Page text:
Ensuring your pet’s ears are clean and healthy at all times is as important as checking every other health related concern, whether that is dental care or skin conditions. If your pet is prone to infections it makes sense to periodically check the animal’s ears for signs of bacterial infection or skin problems.
Using Comfortable Restraint
When checking your pet’s health a certain amount of physical restraint will be required. It is important to ensure your pet is in a comfortable and familiar environment, free from noise and small children. This will enable you to reassure your pet as you hold them in a restraining position to check for infection and cleanliness.
Working With Dogs
Place your pet on a table so that they are positioned approximately at your chest height. Place one arm gently around the animal, as you hug them under the neck, and the other arm around the back of the head if necessary. By hugging your dog in this manner you are able to control movement and to check the animal’s ears for infection.
Working With Cats and Smaller Pets
Smaller animals are best handled by gently wrapping them in a towel. Place the towel on a table and allow your cat to move towards the front of the towel. Bring the sides of the towel up and over your pet so that the head remains uncovered. Gently fold the flaps of the towel under your cat and hug your pet to you with one hand. This allows you to use your free hand to examine your pet’s ears comfortably.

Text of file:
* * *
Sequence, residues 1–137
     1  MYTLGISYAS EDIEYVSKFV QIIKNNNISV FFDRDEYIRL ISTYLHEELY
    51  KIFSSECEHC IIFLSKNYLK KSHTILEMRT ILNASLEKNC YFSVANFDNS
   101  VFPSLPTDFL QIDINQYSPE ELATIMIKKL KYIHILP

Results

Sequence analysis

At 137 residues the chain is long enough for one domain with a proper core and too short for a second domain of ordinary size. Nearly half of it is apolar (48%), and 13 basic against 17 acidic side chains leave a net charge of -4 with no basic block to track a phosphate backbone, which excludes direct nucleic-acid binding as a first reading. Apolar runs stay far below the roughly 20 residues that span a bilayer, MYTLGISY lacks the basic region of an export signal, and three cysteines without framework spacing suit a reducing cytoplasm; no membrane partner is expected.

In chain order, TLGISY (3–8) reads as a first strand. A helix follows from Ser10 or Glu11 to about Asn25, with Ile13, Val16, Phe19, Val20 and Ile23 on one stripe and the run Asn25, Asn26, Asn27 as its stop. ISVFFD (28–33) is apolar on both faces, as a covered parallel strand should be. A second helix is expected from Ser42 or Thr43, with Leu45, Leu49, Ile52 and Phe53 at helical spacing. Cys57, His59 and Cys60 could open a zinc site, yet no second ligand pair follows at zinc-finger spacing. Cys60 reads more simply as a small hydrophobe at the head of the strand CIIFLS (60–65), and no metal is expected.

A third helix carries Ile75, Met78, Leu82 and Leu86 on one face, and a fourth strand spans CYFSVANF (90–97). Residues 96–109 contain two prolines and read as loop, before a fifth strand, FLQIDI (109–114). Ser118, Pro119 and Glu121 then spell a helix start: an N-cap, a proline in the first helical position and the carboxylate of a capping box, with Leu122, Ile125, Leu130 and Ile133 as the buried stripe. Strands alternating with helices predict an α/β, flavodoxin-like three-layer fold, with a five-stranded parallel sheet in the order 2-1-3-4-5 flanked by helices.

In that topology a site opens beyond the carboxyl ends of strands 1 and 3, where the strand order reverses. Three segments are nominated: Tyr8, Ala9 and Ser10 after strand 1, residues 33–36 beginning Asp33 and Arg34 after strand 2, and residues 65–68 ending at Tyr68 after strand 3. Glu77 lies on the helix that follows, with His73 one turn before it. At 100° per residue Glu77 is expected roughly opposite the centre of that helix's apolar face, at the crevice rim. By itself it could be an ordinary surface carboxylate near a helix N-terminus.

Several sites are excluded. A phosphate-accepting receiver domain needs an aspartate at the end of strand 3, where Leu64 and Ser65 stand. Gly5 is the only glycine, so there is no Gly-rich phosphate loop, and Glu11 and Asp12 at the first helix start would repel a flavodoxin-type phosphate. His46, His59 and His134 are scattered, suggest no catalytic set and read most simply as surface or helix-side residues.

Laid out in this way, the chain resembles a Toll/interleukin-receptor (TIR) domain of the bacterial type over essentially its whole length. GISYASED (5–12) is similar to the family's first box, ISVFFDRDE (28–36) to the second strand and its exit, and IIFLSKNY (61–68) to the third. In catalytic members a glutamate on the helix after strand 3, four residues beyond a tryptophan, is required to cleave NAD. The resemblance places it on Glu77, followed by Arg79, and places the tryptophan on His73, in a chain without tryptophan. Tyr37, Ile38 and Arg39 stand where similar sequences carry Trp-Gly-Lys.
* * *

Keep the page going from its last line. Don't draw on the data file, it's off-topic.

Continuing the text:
How to Clean Ears Correctly
It is important, when cleaning the ears of a pet, to allow any discharge to rise to the outside of the ear canal. This means that Q-tips should not be used to poke around. Examine the ears and wipe away any discharge using a piece of gauze. As you gently pull up and open the ear it is safe to fill the ear with a pet friendly cleaning solution. As you straighten the ear the solution is able to flow down the ear canal to any debris or infection that is lurking there.
Gently massage the ear canal as the solution reaches the base of the ear. Then use the piece of gauze to soak up excess fluid that comes from the ear.
Canine ear infections are usually the result of yeast or bacterial build-up in the animal’s ear canal. This generally causes redness, wax build-up and irritation. Skin reactions can also be caused by allergens like mold and dust mites and can affect any furry pet. Ear mites can also pose a problem.
A healthy ear should be light pink in colour, dry and clean. If your pet’s ears show any sign of redness, scaling, discharge, bleeding or emit a foul smell then an infection is in evidence.
Medicating Your Pet
Once your pet’s ears are clean it is safe to add any medication drops your vet may have prescribed. If you are treating an infection you will need to repeat this cleaning and medicating procedure on a daily basis.